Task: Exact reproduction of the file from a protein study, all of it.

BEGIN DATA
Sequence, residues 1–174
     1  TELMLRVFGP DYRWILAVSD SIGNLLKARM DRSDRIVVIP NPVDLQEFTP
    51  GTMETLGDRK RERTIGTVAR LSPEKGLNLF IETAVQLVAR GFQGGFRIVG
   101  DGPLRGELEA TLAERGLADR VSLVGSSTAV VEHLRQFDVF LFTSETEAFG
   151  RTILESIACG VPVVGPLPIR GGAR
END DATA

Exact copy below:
Sequence, residues 1–174
     1  TELMLRVFGP DYRWILAVSD SIGNLLKARM DRSDRIVVIP NPVDLQEFTP
    51  GTMETLGDRK RERTIGTVAR LSPEKGLNLF IETAVQLVAR GFQGGFRIVG
   101  DGPLRGELEA TLAERGLADR VSLVGSSTAV VEHLRQFDVF LFTSETEAFG
   151  RTILESIACG VPVVGPLPIR GGAR